THE ZODIAC: Justin Chambers, Robin Tunney, Rory Culkin, Philip Baker Hall, William Mapother (Directed by Alexander Bulkley; Written by Kelley Bulkeley and Alexander Bulkley; ThinkFilm) “The Zodiac” is not to be confused with “Zodiac,” which will open later this year. On the other hand, both movies deal with the real-life Zodiac Killer, a fiend who roamed San Francisco and murdered at least 37 people during the sixties and seventies. And he’s still on the loose. The director and the man who co-wrote this film with him are said to be brothers; yet they can’t seem to agree on how to spell their family name. But, hey, some brothers are like that. Now Playing

INSIDE MAN: Denzel Washington, Clive Owen, Jodie Foster (Directed by Spike Lee; Written by Russell Gewirtz and Menno Meyjes; Universal) Two of Denzel Washington’s best films--“Malcolm X” and “Mo’ Better Blues”--were directed by Spike Lee, and this reunion has the feel of another winner. Washington plays a shrewd cop who engages in a perilous game of cat and mouse with a man (Clive Owen) who may be even shrewder, a seasoned criminal bent on pulling off the bank heist to end all bank heists. His meticulous plan involves at least one hostage, but it does not involve the enigmatic lawyer (Jodie Foster) who makes a surprise appearance on the scene. Now Playing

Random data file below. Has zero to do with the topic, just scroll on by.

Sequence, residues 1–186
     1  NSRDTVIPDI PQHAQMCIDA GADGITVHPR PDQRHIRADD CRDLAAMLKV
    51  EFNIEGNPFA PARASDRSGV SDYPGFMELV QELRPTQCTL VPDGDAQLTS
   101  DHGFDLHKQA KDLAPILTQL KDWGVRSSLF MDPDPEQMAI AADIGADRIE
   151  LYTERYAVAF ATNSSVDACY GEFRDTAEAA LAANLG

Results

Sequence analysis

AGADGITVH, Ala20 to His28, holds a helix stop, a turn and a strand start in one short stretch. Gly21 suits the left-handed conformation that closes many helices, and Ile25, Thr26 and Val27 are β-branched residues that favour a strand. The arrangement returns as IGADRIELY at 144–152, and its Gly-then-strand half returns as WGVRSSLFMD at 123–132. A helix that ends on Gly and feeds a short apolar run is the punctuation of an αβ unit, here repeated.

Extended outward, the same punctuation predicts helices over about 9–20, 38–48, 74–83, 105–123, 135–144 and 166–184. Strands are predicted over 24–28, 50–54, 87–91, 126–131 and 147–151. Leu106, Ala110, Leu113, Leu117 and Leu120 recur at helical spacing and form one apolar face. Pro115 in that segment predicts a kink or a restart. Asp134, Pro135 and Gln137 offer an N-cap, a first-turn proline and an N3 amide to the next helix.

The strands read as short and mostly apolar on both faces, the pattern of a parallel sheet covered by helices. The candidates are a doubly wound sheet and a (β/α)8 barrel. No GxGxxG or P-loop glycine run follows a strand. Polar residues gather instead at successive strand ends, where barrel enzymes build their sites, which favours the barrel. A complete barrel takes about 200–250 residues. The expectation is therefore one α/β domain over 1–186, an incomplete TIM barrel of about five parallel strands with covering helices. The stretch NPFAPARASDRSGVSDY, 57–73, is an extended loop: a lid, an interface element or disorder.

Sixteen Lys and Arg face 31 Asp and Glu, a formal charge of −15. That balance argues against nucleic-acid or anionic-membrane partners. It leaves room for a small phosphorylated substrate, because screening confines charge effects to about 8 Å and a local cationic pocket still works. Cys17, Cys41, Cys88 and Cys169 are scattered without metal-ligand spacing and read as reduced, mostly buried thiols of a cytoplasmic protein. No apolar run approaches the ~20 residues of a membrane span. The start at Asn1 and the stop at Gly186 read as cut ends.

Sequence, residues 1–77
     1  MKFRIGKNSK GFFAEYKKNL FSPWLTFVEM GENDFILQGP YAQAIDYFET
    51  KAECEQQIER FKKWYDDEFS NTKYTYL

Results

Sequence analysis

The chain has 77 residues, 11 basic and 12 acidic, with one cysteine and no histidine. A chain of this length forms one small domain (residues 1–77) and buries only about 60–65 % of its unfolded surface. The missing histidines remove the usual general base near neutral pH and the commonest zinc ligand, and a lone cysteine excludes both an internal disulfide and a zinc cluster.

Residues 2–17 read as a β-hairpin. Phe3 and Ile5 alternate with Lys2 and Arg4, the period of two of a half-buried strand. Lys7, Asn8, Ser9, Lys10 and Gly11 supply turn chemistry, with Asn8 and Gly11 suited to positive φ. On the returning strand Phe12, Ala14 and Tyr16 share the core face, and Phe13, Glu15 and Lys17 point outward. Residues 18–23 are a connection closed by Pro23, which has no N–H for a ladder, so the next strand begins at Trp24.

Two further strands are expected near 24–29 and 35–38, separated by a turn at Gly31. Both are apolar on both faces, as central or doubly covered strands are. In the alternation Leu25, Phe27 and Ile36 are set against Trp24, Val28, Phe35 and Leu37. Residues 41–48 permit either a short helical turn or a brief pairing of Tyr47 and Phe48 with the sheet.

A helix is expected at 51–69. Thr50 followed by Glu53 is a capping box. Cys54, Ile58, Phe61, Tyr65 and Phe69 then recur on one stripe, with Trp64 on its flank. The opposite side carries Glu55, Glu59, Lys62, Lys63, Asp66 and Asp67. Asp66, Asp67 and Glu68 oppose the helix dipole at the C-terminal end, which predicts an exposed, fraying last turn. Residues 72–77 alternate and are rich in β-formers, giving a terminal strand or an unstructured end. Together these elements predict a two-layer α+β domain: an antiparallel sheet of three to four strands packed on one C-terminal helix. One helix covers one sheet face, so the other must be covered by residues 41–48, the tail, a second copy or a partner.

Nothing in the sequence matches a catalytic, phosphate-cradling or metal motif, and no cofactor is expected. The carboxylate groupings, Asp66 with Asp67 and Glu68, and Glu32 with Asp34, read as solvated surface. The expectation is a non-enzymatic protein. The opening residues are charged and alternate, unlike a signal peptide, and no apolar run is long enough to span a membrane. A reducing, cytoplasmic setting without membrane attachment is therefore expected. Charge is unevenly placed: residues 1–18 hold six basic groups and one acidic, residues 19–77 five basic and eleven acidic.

LONESOME JIM: Casey Affleck, Liv Tyler, Mary Kay Place, Kevin Corrigan, Seymour Cassel, Jack Rovello, Jake La Botz (Directed by Steve Buscemi; Written by James C. Strouse; Plum Pictures) Is there anything more painful than the depression a proud 27-year-old loser feels when he has no choice but to move back with his parents in their less than palatial home in Indiana? Well, yes. There is the depression felt by his put-upon, conspicuously dysfunctional parents. This is the third time at directorial bat for actor Steve Buscemi--the first two features being “Trees Lounge, ” in 1996, and “Animal Factory,” in 2000. Now Playing

BASIC INSTINCT 2: Sharon Stone, David Morrissey, Charlotte Rampling, David Thewlis, Hugh Dancy, Stan Collymore (Directed by Michael Caton-Jones; Written by Leora Barish and Henry Bean; MGM) Once again, Sharon Stone tackles the role of venomous tease Catherine Tramell. Having said so-long to San Francisco and hello to London, Tramell is now busily engaged in various brazen adventures, including one of the lesbian kind. On the other hand, she does manage to acquire a fiance, but he soon expires. Scotland Yard, having the audacity to suspect Tramell of murdering her man, subjects her to an in-depth interrogation by a hard-ass shrink (David Morrissey), and the only serious question for movie audiences is, will she keep her legs crossed during the cross-examination? Now Playing